reflects Basnuevo’s interest in Celtic designs. It is evident in the sinuously complex vector appearing below the upper edge of The Gate, 2008, a work that Basnuevo titled before it was finished.4 Basnuevo admits she is a “slow” painter and this work evolved over the past year when she lost both her father and her cousin. The bright highlights in the painting and the evanescent white ovoid shapes floating over the dark landscape create a mystical atmosphere of transition.

Tide, 2007, her interest is, as the title suggests, a broad sweep across every square inch of the canvas. This vast composition, almost seven by nine feet of linen, is illuminated by a red glare permeating a surface that alternates being glossy or matte and that is punctuated by bright areas threatening to burn through the façade. Its scale defies the viewer’s comprehension of its totality or retention of an imprint of each individual aspect and yet it seems to demand it.

Basnuevo’s compositions never have a sense of stasis. Movement is suggested by her arrangements of forms that are never perfect in the sense of military precision. Each brushstroke and shape is separate and unique. The light source in Pradera Oscura (Dark Meadow), 2005, is particularly enigmatic and dramatic. Basnuevo animates the surface by starkly contrasting light and dark. The series of fourteen images known as the Black Paintings found on the walls of Goya’s house outside of Madrid have always fascinated her and this canvas fulfilled her desire to make a painting using blacks and browns. There are isolated pods glowing blue-green that provide visual interest as well as a beach–like stretch of sand color outlined with turquoise that seems phosphorescent. This composition has a particular preponderance of ghost images or simulacra.

In The Other Side of the River, 2007, the campus of Basnuevo’s canvas provides a simultaneous view of her sequential activities with paint and brush.5 A bold gray linear element hangs from the upper edge of the canvas. The configuration of yellow outlines below this recalls Leonardo da Vinci’s drawings for town fortifications. In contrast to the multitude of tent-like encampments above, Basnuevo has defined the vast space of the lower third of the composition with three white cubes on the left and a stalwart gray counterpoint on the right. In doing so, she adroitly balances the entire composition with these solitary remote elements that seem to surrender simultaneous issues of invincibility and vulnerability.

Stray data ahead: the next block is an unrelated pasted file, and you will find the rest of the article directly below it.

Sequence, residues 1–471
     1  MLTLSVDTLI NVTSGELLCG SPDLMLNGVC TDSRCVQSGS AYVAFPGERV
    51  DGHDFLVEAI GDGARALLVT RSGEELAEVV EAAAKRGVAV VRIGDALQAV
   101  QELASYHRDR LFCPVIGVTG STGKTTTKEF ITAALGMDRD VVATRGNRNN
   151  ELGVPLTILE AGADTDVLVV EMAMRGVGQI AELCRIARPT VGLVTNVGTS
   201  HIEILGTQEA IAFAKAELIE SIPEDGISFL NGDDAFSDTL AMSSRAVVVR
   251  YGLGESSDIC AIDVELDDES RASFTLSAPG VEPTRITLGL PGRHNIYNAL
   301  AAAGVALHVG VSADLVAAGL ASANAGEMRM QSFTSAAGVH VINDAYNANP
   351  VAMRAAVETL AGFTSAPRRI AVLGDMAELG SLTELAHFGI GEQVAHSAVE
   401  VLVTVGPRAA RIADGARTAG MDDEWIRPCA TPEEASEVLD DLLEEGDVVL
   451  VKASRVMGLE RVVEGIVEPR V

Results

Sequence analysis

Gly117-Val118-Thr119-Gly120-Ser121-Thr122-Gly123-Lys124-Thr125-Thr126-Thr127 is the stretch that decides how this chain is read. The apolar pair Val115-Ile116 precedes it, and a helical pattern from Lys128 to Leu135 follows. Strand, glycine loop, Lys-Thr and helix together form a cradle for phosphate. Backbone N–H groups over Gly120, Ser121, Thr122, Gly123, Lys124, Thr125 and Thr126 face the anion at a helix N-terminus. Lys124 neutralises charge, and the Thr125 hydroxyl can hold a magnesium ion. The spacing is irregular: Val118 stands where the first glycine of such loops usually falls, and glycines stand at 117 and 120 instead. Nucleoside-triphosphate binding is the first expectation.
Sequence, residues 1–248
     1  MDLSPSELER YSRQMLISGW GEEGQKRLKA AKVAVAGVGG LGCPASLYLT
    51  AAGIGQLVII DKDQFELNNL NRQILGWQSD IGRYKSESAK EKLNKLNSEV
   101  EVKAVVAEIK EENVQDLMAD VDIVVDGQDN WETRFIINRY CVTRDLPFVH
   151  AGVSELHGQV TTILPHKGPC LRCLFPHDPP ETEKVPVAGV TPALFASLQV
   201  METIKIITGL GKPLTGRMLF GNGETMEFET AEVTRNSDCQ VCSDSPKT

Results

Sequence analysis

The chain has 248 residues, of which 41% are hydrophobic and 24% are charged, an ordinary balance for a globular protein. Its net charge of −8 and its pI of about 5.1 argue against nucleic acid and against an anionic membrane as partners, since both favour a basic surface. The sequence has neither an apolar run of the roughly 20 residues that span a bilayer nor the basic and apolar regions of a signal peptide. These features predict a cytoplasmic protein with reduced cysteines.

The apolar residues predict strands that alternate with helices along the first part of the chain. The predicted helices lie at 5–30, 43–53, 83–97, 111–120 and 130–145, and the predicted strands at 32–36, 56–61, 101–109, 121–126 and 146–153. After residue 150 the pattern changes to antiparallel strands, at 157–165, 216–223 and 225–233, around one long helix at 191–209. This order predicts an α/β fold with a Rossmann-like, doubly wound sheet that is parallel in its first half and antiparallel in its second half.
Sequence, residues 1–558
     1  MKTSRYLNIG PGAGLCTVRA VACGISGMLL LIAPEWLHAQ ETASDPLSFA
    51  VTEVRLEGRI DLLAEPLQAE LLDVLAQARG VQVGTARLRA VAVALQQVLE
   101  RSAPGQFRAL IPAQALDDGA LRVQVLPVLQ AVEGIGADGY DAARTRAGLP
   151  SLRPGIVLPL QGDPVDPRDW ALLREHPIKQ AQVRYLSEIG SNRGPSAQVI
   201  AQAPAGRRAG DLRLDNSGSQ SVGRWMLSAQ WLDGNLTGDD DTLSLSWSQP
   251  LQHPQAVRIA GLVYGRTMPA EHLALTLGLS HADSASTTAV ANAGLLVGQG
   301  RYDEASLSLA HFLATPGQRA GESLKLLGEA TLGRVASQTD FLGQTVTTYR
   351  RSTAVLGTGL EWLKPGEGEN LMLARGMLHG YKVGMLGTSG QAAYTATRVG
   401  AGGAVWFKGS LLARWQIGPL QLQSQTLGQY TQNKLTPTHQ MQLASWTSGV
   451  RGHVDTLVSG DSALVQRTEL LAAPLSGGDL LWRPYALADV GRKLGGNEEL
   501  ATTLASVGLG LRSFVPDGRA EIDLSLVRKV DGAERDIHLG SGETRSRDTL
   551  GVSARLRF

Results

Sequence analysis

In Procession in Red, 2005, Basnuevo has concentrated her exploration of paint to the individual encampments of forms in a vast white plane marked only by her painted and graphite line. This painting encourages an almost microscopic reading. Her primary curiosity is each individual element within every configuration of five by seven units. Choosing a subtly different shade of paint and a distinctly different brush mark, she endows each element with a unique identity. In Crimson

Basnuevo has been a student of the masters as her studio library attests.6 The resolution of formal issues of painting tackled by Francis Bacon, Hieronymus Bosch, Vincent van Gogh, Wassily Kandinsky, Pablo Picasso, Titian and Velázquez, among others, has inspired her own quest. The paintings on view in this exhibition demonstrate the extraordinary range of her exploration and her passionate interest in painting. Mark Ormond Mark Ormond is an independent curator, professor and writer based in Sarasota, Florida.

4) The idea for the title was taken from scripture: “Jesus explained: I am the Gate for the sheep, whoever enters through me will be safe and will go in and out and find pasture.” (John 10: 7-9) 5) “Tierra De Nadie (Nobody’s Land)” 2006, that is not in this exhibition, is one of Basnuevo’s most complex and cinematic paintings. On a banner that seems simultaneously anchored in the heavens and grounded on earth she has inscribed the words of the title. The composition presenting a bird’s eye view portends an epic drama. A grid of tent-like units is joined by blimp shapes adding to the apocalyptic mood of this work. 6) Some of the insights to Luisa Basnuevo’s work were the result of a day long interview in her North Miami studio on 9 June 2008 and subsequent conversations by telephone.


Procession in Red, 2005 Oil on canvas 66 x 80 inches Courtesy of the Artist


Pradera Oscura (Dark Meadow), 2005 Oil on Canvas 66 x 80 inches Courtesy of the Artist


The Other Side of The River, 2006 Oil on canvas 66 x 80 inches Courtesy of the Artist


The Gate, 2008 Oil on canvas 84 x 108 inches Courtesy of the Artist


Untitled 1, 2007 Oil on canvas 72 x 66 inches Courtesy of the Artist


Untitled 2, 2008 Oil on canvas 80 x 66 inches Courtesy of the Artist



Crimson Tide, 2007 Oil on Canvas 84 x 108 inches Courtesy of the Artist

Luisa Maria Basnuevo BIOGRAPHY Luisa Basnuevo was born in Cuba and came to the United States via Spain in 1972. She received a BFA from Florida International University and an MFA from Yale University School of Art in 1991. Her paintings have been exhibited in museums and galleries in the United States and abroad, including the Southeastern Center of Contemporary Art in Winston-Salem, North Carolina and the Musée du Luxembourg in Paris, France. Her work is included in public and corporate collections throughout Florida, including those of the John and Mable Ringling Museum of Art in Sarasota, Polk Museum of Art in Lakeland and Miami Art Museum. She is the recipient of fellowships from the National Endowment for the Arts/Southeastern Arts Federation, South Florida Consortium Visual Artist Fellowship and the Division of Cultural Affairs, Florida Department of State.